A Preparation for the Sacrament: with Moral and Divine Maxims. Printed for B. Aylmer at the 3 Pidgeons in Cornhil.

ROBERT WHITLEDGE, who formerly lived at the Bible in Creed-Lane, is removed to the Bible and Ball in Ave-Mary-Lane, near Ludgate, where all Booksellers and others may be furnisht with Bibles and Common-Prayers of all Sorts, with Cuts or without, Ruled or Unruled, Bound in Turky Leather or Plain. Mr. Sturt’s Cuts Curiously Engrav’d; also other fine Cutts fitted for all Sizes and Common-Prayers. The Welsh Bible, Welsh Common-Prayer, and Welsh Almanack. The Duty of Man’s Works of all Sizes. The Duty of Man in Latin. Latin and French Common-Prayers. Tate and Brady’s New Version of Psalms, with the New Supplement. Dr. Gibson on the Sacrament. The Statutes at large, in Three Volumes. Washington and Wingate’s Abridgment of them. The Lord Clarendon’s History of the Rebellion in Folio and Octavo. The New Translation of AEsops Fables. Also Bp. Beveridge’s Works, in 5 vol. And Dean Stanhope on the Epistles and Gospels, in 4 vol. All which Books and Cuts are likewise Sold by J. Baker in Mercers-Chapel, in Cheapside.

Lately publish’d for the Use of Schools,

Vocabularium Latiale; or, a Latin Vocabulary in two parts. The First being a Collection of the most usual and easie Latin words, whether primitive or derivative; with their signification in English, after the order of the Eight parts of Speech, giving a Specimen of each, and most naturally shewing the gender, increase, declension and motion of Nouns and Pronouns, with the Conjugation-Preterperfect Tense and Supine of Verbs both Simple and Compound. The Second, shewing the variation and declining of all the declinable parts, both regular an irregular. By Tho. Dyche, School-Master in London, Author of a new Spelling-book, entitul’d, A Guide to the English Tongue. Printed for S. Butler, at Bernard’s-Inn-Gate, in Holbourn, J Holland, near St. Paul’s Church-yard, and A. Collins, at the Black-Boy in Fleet-street. Price 1 s.

Memoirs of the right Villianous John Hall, the late famous and Notorious Robber. Pen’d from his Mouth some time before his Death. Containing the exact Life and Character of a Thief in General. As also a lively Representation of Newgate, and its Inhabitants, with the Manners and Customs observed there. The Nature and Means by which they commit their several Thefts and Robberies, and the Distinctions observed in their respective Functions. To which is added, the Cant generally us’d by those Sort of People to conceal their Villanies; and Rules to avoid being Robb’d or Cheated by them. Usefully set forth for the Good of the Publick, at the Instance of many honest People. The third Edition, with large Additions, and a Description of Ludgate, the two Compers, and other Prisons for Debt.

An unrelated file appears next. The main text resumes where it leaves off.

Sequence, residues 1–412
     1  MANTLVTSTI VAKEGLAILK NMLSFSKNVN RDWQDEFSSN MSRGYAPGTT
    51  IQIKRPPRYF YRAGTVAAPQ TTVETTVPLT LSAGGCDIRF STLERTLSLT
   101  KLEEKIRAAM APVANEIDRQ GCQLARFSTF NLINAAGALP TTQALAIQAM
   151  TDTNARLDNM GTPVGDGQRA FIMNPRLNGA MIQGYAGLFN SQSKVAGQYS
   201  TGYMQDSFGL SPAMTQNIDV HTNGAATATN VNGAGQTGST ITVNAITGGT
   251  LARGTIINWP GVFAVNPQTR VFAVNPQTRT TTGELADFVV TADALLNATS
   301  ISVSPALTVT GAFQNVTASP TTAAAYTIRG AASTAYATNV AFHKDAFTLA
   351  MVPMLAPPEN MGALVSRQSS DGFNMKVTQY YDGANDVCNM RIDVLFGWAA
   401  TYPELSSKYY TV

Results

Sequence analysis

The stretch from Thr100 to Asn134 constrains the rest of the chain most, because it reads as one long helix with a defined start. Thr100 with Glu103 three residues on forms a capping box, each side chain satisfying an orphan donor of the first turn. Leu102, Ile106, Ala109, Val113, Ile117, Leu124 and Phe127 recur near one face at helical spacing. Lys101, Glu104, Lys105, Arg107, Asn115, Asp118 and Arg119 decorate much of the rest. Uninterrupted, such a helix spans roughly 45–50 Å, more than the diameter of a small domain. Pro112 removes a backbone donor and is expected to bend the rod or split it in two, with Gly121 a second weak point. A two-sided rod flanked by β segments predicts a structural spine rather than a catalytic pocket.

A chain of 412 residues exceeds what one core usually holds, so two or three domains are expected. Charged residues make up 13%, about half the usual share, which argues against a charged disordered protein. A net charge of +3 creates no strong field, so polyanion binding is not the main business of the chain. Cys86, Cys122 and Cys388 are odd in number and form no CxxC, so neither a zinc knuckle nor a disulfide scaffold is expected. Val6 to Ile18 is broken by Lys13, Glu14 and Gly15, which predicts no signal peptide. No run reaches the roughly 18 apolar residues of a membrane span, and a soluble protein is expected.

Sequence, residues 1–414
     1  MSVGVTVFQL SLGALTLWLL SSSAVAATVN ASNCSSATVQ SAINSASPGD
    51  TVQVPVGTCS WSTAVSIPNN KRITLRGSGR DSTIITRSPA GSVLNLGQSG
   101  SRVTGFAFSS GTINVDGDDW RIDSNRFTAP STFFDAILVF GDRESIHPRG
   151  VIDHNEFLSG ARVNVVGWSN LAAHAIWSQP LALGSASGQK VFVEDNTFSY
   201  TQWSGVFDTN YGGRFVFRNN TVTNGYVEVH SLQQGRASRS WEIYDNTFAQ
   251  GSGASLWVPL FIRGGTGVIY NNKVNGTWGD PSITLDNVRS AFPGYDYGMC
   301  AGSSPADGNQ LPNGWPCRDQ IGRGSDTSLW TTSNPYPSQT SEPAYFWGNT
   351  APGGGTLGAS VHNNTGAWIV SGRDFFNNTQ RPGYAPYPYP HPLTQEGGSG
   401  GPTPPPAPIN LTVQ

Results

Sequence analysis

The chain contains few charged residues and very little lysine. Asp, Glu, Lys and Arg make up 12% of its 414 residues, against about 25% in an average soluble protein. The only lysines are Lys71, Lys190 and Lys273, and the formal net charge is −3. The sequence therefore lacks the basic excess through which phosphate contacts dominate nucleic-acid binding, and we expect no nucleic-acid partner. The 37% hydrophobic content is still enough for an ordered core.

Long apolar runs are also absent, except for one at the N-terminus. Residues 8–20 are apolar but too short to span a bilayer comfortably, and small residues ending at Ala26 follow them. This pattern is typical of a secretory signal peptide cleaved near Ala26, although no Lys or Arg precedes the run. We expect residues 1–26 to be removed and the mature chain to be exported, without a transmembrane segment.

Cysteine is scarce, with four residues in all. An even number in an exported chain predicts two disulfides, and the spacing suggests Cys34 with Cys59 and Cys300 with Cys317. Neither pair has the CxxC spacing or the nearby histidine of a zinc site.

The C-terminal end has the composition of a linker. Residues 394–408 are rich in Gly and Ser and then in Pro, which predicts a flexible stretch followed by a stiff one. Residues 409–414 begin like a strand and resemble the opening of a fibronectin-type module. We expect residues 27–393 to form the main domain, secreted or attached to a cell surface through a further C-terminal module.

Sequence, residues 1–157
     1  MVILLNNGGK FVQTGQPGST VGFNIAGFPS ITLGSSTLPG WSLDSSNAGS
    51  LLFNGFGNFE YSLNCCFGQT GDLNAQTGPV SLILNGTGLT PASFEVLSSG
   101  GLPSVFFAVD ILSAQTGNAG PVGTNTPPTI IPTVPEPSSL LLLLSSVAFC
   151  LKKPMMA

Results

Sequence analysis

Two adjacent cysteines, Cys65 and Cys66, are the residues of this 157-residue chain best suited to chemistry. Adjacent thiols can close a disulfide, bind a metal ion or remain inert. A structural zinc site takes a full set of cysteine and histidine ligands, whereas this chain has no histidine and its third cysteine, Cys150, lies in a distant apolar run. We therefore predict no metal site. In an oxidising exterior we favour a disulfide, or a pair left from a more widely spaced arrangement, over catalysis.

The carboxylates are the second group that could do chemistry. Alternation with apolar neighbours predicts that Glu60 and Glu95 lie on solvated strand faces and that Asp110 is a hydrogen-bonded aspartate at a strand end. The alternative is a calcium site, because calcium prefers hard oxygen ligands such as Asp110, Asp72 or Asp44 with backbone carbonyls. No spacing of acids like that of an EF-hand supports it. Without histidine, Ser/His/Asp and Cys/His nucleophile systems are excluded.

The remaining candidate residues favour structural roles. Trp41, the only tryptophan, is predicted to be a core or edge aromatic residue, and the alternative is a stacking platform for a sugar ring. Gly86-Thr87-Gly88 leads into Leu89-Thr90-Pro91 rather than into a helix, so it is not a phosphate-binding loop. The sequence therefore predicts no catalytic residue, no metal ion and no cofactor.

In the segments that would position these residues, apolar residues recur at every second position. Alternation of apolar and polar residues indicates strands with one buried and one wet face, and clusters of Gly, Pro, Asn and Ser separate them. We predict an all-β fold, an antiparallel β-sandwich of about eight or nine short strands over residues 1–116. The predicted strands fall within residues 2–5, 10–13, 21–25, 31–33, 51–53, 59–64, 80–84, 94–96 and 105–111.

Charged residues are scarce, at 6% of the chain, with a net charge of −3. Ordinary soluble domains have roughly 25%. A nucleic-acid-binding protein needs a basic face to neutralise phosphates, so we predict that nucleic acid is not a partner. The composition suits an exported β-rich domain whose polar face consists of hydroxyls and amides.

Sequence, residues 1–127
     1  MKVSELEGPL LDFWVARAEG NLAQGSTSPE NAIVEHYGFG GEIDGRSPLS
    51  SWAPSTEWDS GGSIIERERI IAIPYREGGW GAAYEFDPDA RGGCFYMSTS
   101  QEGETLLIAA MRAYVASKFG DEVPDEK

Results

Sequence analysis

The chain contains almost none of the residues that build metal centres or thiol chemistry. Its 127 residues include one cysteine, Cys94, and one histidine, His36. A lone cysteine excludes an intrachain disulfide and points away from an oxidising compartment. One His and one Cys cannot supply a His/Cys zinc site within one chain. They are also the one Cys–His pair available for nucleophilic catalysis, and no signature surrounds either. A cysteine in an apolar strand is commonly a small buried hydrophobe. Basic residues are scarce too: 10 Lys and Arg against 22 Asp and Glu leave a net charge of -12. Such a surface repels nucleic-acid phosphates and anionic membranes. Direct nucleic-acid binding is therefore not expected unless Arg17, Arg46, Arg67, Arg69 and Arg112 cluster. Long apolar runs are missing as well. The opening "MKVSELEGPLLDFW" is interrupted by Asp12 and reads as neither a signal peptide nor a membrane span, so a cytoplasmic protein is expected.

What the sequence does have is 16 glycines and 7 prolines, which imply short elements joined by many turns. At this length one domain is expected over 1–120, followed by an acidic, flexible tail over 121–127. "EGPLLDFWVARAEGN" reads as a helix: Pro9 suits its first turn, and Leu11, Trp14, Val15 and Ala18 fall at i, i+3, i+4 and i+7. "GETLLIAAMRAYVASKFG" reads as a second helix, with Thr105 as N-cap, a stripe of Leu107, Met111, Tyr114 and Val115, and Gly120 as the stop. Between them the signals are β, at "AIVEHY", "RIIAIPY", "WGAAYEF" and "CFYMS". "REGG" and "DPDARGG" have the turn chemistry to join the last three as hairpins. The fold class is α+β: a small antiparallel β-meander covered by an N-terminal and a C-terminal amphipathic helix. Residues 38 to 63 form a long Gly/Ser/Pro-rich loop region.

The wooden World dissected in the Character, of, 1. a Ship of War; 2. a Sea-Captain; 3. a Sea-Lieutenant; 4. a Sea Chaplain; 5. The Master of a Ship of War; 6. The Purser; 7. The Surgeon; 8. The Gunner; 9. The Carpenter; 10. The Boatswain; 11. a Sea-Cook; 12. a Midship-man; 13. The Captain’s Steward; 14. a Sailor. By a lover of the Mathematicks. The Second Edition, corrected and amended by the Author. Price bound, 1 s.

The Satyrical Works of Petronius Arbiter, in Prose, and Verse. In three Parts. Together with his Life and Character, written by Mons. St. Evremont; and a Key to the Satyr, by a Person of Quality. Made English by Mr. Wilson, Mr. Burna by, Mr. Blount, Mr. Brown, Captain Ayloff, and several others. And adorn’d with Cuts. To which is added, the Charms of Liberty; a Poem, by the late Duke of Devonshire.

All 3 Sold by B. Bragge, at the Raven in Pater-noster-row.

London Printed, and are to be Sold by Benj. Bragge, at the Raven in Pater-noster-Row.

* The Earldom of Westmorland still exists to this day and the same family as our crime victim here still holds it: it belongs now to Anthony David Francis Henry Fane, the 16th Earl of Westmorland.

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Entry Filed under: 18th Century,Capital Punishment,Common Criminals,Crime,Death Penalty,England,Execution,Guest Writers,Hanged,Murder,Other Voices,Theft